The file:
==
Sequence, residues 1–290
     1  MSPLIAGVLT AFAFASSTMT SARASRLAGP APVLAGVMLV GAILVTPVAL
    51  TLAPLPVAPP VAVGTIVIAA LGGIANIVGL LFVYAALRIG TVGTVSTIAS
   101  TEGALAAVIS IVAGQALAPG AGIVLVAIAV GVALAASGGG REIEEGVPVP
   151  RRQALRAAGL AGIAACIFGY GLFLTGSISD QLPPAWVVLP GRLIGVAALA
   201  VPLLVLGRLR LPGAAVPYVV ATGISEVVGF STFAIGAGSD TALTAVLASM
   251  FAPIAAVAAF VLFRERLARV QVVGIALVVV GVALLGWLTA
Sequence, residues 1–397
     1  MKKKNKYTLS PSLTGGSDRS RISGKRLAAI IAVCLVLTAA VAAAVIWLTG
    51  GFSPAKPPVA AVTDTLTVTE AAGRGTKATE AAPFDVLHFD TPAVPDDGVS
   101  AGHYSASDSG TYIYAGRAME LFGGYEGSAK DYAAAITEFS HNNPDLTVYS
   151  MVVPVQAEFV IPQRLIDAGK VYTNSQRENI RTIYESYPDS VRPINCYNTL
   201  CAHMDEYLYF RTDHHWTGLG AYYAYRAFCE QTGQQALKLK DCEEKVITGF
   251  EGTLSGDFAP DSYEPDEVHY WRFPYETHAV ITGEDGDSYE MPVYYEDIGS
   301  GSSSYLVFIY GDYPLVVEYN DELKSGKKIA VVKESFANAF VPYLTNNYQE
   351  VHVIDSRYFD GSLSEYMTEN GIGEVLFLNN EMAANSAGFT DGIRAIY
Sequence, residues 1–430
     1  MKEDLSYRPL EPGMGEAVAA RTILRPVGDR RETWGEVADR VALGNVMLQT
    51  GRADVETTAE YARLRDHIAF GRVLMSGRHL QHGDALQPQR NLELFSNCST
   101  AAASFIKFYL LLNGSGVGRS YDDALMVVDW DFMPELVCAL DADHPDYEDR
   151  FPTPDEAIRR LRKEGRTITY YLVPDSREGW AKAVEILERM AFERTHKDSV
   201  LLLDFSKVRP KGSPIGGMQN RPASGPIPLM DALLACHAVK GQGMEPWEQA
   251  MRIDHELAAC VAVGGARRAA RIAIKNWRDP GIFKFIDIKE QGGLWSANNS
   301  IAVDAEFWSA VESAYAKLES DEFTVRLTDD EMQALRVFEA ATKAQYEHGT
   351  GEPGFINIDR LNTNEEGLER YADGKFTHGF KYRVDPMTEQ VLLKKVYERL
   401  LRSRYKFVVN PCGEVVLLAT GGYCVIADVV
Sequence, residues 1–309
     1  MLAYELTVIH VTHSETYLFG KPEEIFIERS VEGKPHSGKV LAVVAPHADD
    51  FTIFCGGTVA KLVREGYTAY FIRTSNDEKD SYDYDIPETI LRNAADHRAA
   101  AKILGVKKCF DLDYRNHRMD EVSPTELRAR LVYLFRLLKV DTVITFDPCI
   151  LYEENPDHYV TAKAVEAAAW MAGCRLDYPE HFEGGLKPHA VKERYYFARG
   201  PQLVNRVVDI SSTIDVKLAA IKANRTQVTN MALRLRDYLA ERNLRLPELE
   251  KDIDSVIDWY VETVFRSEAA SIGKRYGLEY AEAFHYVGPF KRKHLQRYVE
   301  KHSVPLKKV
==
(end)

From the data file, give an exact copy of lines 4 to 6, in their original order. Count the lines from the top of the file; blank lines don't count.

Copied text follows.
   101  TEGALAAVIS IVAGQALAPG AGIVLVAIAV GVALAASGGG REIEEGVPVP
   151  RRQALRAAGL AGIAACIFGY GLFLTGSISD QLPPAWVVLP GRLIGVAALA
   201  VPLLVLGRLR LPGAAVPYVV ATGISEVVGF STFAIGAGSD TALTAVLASM